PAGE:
Venezuela's Chavez faces opposition from own ranks

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CARACAS, Nov 19 (Reuters) Used to trouncing the opposition at the ballot box, Venezuelan President Hugo Chavez suddenly faces a new foe for a December referendum on scrapping term limits -- high-profile disaffected supporters.

An allied political party, a respected ex-defense minister, governors and a top legislator have all abandoned Chavez's socialist coalition helping amplify the opposition's criticism that his plan to revamp the constitution is authoritarian.

The defections reflect misgivings among Chavez's majority poor supporters, who still back his oil-financed social development crusade but worry the Cuba ally wants too much power as he brooks little dissent in the OPEC nation.

''We've seen so-called 'group-think' develop. In other words, if you do not think like me, you are a traitor, you are with the CIA, you are a coup plotter,'' said Ismael Garcia of the Podemos party, which split from Chavez's self-styled ''revolution'' over the reform package.

Polls show the anti-US leader should win the Dec. 2 vote but that it will be due to low opposition turnout, his personal approval ratings and sweeteners in the package such as reducing the workday and expanding social security benefits.

Victory would consolidate his power. But it would not be because his supporters show great enthusiasm for constitutional changes such as allowing him to run for office indefinitely, control foreign reserves and limit freedoms in ''emergencies.'' Those major reforms are rejected by the opposition, university students, rights groups, the Roman Catholic church and, according to most pollsters, a majority of Venezuelans.

SCORPIONS NEST A student movement that briefly sprang up in May when Chavez closed an opposition TV station has also reemerged as the main voice against the reforms, organizing rallies and supplanting traditional parties.

Chavez says the legal overhaul will boost democracy by also empowering local councils, which will manage central government money to bring water or electricity to their communities as he seeks to spread the No. 4 U.S. oil supplier's income.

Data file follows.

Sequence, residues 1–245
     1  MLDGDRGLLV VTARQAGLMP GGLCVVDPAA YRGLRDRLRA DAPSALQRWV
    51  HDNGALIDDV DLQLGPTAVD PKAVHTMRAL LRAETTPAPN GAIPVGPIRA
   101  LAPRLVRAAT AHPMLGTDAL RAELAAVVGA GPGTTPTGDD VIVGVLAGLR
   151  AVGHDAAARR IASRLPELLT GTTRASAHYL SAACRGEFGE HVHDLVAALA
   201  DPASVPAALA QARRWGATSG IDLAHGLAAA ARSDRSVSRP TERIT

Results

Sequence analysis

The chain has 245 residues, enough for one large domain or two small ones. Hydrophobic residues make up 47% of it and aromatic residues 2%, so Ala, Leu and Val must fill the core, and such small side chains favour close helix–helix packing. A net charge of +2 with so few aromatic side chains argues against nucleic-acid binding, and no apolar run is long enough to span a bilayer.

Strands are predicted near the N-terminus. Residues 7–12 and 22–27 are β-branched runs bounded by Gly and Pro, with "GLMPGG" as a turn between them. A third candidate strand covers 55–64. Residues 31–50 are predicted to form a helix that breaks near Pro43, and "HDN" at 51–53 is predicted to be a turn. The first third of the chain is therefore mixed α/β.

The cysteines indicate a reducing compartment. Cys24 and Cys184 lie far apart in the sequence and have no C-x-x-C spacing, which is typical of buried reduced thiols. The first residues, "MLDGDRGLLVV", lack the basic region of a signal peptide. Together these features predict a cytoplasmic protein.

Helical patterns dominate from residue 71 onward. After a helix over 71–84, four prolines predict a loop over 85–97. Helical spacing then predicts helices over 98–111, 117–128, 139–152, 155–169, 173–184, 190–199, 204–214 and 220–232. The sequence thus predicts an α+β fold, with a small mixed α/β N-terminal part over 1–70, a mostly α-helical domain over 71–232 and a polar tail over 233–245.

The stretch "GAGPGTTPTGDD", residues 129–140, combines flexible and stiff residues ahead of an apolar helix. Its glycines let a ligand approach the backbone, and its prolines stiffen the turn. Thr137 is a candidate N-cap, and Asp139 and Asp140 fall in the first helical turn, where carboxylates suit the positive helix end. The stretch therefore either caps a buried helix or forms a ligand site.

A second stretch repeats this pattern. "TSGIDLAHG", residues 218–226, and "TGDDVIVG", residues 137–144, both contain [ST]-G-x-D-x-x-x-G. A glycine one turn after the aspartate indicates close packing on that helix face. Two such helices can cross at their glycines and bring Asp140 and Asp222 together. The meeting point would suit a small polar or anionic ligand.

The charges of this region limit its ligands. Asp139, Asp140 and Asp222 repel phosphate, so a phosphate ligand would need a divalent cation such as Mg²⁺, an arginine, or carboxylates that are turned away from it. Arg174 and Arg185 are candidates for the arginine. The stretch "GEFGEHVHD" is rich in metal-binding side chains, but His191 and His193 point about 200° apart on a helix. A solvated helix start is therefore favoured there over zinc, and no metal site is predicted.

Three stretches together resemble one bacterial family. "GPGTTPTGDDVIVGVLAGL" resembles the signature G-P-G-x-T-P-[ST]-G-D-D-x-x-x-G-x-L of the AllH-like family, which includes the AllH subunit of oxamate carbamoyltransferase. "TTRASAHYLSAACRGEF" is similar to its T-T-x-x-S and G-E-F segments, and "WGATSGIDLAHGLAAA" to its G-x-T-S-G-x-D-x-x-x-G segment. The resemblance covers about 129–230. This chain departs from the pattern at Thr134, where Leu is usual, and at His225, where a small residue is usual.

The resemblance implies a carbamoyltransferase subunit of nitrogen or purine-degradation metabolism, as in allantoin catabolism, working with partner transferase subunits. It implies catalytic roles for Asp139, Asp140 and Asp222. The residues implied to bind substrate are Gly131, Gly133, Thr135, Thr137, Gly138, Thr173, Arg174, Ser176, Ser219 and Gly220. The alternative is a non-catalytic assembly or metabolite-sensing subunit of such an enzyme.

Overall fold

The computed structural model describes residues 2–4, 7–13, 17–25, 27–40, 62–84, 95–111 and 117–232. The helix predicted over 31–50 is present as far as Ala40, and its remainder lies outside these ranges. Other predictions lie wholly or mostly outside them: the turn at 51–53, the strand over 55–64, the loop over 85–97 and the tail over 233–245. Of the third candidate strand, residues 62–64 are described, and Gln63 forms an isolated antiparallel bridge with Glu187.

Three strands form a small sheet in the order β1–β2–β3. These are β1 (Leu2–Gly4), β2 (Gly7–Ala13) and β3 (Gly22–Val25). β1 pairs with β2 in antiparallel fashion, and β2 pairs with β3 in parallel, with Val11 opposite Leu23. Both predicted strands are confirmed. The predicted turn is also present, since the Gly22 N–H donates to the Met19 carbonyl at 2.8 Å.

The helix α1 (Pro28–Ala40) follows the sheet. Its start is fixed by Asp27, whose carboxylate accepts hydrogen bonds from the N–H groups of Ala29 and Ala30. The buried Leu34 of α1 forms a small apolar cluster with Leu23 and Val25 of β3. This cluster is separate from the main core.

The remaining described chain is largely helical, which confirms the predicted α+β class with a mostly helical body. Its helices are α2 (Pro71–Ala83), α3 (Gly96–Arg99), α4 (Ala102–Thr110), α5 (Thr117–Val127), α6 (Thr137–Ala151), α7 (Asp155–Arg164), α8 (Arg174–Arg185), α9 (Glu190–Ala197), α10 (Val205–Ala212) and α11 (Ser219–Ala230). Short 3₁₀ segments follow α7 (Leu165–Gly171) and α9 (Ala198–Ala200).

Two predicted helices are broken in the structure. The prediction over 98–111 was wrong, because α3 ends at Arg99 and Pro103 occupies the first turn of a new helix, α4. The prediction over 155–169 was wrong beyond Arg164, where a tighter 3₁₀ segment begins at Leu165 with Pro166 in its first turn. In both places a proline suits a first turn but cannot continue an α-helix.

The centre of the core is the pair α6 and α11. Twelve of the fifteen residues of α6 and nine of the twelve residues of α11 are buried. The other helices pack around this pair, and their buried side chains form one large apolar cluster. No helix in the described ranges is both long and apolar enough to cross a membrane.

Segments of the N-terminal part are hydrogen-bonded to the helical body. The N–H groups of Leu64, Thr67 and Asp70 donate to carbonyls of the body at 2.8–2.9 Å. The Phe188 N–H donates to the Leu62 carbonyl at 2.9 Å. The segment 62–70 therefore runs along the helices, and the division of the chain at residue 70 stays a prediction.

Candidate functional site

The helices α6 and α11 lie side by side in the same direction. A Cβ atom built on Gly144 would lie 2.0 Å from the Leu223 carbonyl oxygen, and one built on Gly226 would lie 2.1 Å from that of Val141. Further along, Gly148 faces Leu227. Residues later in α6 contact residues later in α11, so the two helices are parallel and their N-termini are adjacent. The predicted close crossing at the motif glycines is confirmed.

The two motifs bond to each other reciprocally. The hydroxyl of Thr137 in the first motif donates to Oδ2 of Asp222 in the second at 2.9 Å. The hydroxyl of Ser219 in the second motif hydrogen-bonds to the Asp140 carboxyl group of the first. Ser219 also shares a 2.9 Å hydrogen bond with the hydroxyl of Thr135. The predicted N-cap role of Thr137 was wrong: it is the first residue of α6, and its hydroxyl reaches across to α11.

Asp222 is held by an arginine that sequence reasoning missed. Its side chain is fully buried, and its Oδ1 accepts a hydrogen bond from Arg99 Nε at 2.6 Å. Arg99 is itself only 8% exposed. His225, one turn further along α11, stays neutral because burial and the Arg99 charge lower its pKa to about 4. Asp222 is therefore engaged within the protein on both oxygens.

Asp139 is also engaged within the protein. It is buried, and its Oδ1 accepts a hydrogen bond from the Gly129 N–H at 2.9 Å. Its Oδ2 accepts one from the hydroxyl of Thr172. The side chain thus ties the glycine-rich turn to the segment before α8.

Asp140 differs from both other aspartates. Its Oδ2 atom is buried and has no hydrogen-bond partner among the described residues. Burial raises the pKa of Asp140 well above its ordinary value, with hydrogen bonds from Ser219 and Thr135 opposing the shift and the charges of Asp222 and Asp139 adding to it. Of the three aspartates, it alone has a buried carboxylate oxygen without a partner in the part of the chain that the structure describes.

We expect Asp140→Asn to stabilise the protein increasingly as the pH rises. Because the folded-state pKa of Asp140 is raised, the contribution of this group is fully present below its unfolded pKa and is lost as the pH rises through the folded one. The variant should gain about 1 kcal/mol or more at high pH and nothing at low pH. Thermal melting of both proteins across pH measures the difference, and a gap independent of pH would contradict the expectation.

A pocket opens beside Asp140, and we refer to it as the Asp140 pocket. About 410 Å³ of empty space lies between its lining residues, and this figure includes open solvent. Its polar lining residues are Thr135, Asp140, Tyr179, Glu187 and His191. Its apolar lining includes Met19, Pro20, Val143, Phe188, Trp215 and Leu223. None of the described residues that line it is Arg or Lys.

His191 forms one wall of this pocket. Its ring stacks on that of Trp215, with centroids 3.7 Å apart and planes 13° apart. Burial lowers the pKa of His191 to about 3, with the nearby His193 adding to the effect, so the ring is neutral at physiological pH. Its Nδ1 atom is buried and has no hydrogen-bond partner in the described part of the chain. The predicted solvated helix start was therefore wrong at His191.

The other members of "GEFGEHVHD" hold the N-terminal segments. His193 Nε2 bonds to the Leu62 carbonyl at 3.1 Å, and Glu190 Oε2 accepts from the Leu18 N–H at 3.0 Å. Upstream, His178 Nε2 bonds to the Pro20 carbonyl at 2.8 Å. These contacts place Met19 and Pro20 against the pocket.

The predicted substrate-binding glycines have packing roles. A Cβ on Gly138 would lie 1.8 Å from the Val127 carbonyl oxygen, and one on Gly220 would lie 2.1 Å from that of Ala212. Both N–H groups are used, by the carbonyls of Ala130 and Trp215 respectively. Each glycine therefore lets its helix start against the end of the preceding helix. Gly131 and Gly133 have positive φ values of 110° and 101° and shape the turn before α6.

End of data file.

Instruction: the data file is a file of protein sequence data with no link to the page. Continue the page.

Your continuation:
But ex-stalwarts of his ''21st century socialism'' disagree. And they may become a center-left challenge to an increasingly radical president as the political landscape he faces evolves.

Former Defense Minister Raul Isaias Baduel, a Chavez confidant who rescued him from a military putsch in 2002, called the constitutional reform this month a ''coup.'' Chavez dismissed him as a traitor but also acknowledged the rift made him feel like he was sitting on a nest of scorpions.

Lawmaker Luis Tascon was so militant in the president's cause, he drew up a blacklist of millions of anti-Chavez voters that some say cost them their public sector jobs.

But Tascon says he was ejected from Chavez's party after he said it was ''royally stupid'' to deny that Baduel's criticism exposed divisions and hurt the government.

''We have to look at ... how we are using power,'' he said.

VOTE WIN, POLITICAL DEFEAT? That call for self-reflection jarred in a nation where political analysts say a Chavez personality cult often makes supporters blindly follow the man they call ''El Comandante.'' A pro-Chavez legislator, who asked not to be named to avoid reprisals, said: ''Some lawmakers might be against some of the president's policies or statements. But there is fear, terror of being considered a traitor, a traitor to the revolution.'' Chavez led a failed 1992 coup but was elected in 1998. Decimating traditional opposition parties, he has comfortably won national votes at an average of almost one a year, including a landslide re-election 12 months ago.

Chavez may be headed for another vote victory -- but this time there has already been a political cost.

''For the first time, it's going to feel to the government like it's a defeat,'' Garcia said.


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